Reader Question: The Future of Classic Cars?

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Here’s the latest reader question, along with my reply!

Jerry asks: With the way mpg and safety requirements are going, what is the future of classic cars? PS: I have a 1971 Triumph TR6 and my wife has a 1996 BMW Z3.

My reply: Well, the good news – at least for now – is that saaaaaaaaaaaaaaaaaaaaaafety, mileage (and emissions) laws do not apply to classic cars. That is, to cars eligible for classic/antique vehicle registration and license plates. Which – generally – means cars at least 25 years old in most states.

Well, with a caveat. The law generally requires that a given vehicle conform to the standards in effect at the time of its manufacturer. Thus – as an example – my ’76 Trans-Am is supposed to have a catalytic converter. But it does not have to have an O2 sensor and a computer/EFI. In other words, it doesn’t have to conform to current emissions (or saaaaaaaaaaaaaaaaaaaaaaaaaafety) standards.  So, no air bags – and so on.

However, I worry that some filthy animal politician will eventually go after “dirty” and “unsafe” olds cars and suggest (that is, mandate at gunpoint) they either by modified to meet current standards or taken off the “public” roads because of the “threat” they present to the Earf and, of course, “our children.”

Even if that doesn’t happen, the long-term threat is  the clock, the passing of time. Go to a car show today and look around. The majority of people there – both car owners and spectators – are middle-aged and older. This is Bad News for the future of the classic car hobby.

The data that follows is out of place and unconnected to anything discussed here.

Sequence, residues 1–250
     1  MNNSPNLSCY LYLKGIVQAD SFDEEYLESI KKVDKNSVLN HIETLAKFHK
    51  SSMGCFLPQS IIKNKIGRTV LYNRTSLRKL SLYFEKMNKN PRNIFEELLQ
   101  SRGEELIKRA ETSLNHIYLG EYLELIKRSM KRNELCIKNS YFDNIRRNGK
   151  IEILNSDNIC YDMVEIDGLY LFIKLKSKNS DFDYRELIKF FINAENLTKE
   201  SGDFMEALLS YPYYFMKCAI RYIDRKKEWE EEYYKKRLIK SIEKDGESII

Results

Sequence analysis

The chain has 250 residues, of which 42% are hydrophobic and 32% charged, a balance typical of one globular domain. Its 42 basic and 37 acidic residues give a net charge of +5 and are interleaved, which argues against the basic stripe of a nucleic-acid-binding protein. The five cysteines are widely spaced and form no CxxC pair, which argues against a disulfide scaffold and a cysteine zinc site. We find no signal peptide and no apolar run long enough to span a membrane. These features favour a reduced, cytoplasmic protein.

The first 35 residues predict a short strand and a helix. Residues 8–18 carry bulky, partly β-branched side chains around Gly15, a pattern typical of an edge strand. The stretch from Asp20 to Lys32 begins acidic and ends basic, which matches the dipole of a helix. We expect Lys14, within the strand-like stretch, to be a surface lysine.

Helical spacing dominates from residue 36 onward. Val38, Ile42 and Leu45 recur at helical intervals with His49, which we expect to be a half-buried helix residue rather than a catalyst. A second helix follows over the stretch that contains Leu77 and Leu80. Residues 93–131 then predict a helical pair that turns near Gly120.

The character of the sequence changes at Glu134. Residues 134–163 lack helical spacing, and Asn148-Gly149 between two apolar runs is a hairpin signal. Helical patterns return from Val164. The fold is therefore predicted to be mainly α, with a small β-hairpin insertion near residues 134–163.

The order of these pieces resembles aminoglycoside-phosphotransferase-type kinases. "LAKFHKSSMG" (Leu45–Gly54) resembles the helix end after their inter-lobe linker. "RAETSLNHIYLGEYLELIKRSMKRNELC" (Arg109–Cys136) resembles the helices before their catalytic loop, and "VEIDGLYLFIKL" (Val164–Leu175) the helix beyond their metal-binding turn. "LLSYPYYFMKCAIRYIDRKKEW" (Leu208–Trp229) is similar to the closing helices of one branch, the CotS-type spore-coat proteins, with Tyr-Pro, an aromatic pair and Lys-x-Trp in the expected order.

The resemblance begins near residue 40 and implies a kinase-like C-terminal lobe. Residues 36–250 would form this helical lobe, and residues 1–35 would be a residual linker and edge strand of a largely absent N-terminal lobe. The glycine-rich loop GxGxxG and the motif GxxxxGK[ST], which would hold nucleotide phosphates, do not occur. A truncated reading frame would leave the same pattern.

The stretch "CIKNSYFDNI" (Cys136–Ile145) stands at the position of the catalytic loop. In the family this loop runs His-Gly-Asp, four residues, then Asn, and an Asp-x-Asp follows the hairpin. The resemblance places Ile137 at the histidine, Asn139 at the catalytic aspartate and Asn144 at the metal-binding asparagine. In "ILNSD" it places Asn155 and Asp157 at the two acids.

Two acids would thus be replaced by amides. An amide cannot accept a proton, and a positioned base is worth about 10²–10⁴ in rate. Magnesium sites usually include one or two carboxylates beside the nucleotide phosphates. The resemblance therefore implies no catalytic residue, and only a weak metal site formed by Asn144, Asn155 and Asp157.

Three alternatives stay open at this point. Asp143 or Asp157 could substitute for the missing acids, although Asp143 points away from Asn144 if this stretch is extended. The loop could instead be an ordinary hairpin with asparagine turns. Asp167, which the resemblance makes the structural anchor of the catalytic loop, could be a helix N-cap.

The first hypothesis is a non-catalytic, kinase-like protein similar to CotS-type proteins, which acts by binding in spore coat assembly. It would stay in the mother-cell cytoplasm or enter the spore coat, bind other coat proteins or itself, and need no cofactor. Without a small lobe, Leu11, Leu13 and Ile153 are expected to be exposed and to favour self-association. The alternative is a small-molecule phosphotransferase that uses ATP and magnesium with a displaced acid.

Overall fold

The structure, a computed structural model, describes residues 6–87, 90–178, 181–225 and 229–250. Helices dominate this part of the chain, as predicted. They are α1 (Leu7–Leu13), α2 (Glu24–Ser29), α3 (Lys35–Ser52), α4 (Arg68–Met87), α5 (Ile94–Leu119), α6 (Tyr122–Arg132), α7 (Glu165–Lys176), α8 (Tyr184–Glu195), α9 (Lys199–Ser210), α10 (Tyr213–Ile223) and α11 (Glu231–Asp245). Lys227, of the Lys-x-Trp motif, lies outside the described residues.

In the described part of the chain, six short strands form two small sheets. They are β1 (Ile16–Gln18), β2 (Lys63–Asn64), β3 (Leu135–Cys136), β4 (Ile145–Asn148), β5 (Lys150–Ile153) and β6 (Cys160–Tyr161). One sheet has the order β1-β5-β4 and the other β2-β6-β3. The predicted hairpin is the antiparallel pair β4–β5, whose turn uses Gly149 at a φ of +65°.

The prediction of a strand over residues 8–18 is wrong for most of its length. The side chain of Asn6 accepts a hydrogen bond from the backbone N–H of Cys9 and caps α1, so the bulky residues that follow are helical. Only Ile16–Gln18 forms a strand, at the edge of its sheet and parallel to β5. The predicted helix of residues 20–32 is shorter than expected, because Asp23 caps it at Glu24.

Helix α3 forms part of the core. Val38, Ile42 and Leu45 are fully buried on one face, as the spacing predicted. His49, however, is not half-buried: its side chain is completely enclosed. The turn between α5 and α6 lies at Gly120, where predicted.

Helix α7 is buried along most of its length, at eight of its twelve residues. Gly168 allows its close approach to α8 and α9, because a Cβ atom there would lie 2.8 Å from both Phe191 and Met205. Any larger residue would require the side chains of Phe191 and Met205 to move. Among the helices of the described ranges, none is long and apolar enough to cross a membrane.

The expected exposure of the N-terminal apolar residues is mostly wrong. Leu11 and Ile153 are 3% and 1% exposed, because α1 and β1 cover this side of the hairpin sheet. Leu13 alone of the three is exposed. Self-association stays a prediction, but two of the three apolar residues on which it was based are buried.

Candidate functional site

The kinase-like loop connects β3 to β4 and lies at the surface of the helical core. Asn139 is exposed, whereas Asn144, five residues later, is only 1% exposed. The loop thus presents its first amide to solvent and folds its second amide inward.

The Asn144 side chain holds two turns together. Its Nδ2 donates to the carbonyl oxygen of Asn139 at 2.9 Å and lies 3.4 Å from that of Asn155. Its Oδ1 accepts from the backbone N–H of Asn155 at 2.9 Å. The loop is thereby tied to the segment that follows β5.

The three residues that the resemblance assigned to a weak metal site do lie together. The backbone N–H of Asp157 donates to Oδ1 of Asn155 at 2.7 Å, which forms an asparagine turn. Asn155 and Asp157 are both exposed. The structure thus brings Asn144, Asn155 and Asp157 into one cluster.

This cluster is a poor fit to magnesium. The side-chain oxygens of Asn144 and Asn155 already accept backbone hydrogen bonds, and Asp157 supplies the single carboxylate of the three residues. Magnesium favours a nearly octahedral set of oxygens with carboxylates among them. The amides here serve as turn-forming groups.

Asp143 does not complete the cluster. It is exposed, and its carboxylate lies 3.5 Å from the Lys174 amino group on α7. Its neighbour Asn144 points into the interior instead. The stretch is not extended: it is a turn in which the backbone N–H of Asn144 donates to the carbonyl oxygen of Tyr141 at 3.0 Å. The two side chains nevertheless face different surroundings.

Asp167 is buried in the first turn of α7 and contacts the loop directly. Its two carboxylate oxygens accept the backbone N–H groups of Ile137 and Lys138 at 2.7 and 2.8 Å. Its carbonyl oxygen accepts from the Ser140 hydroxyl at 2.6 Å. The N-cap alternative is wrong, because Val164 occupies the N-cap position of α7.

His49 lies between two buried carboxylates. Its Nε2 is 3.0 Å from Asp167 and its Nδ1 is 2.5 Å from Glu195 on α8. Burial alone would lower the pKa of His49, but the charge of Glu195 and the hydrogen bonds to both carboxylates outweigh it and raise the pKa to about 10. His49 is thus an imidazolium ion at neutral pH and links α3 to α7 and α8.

Part of the reason for the graying of the hobby also has to do with new cars – modern cars – not being “classic” and probably never will be, no matter how old they get.  By “modern” cars, I mean most cars built since the ’90s, which are all computer-controlled and (the newer you get) anodyne, homogenous and generally uninteresting except as transportation appliances. Which don’t get kept once they are no longer useful as such but instead tend to get thrown away.

There are some exceptions, of course – but far fewer than there once were. I can’t think of anything modern that is analogous to (as an example) an old VW Beetle or Datsun B210 or Chevy Nova. Mind, these were economy cars when they were new and  nothing special – yet people loved them and preserved them and still do today.

I can’t see (and have yet to see)  anyone preserving/restoring a ’90s Dodge Neon or Chevy Cavalier. Even the Honda Civics and Acura Integras that “ricers” were into back in the ’90s are throw-aways.

Meanwhile, the cost of classics – the ones made before the ’90s – is getting higher all the time because of speculators/investors and also because, well, there are only so many and they aren’t making any more.

Back in the ’80s – and even as recently as the ’90s – once could still find roadworthy, “driver condition” muscle cars like my Trans-Am for a couple thousand bucks. Today, cars like my TA generally come in either of two conditions: Excellent/restored/near-show-quality (like mine) and so considerably more expensive than a couple thousand bucks . . . or basket case, which won’t cost much to buy but a fortune to resurrect.

This winnows out most of the under-30 crowd, which can’t afford either.

I think – I am certain – the hobby will continue to exist, just as there are still people into steam locomotives. I just think that it will be like the steam locomotive hobby. Small, a backwater eddy.

Not like it used to be.

Times change.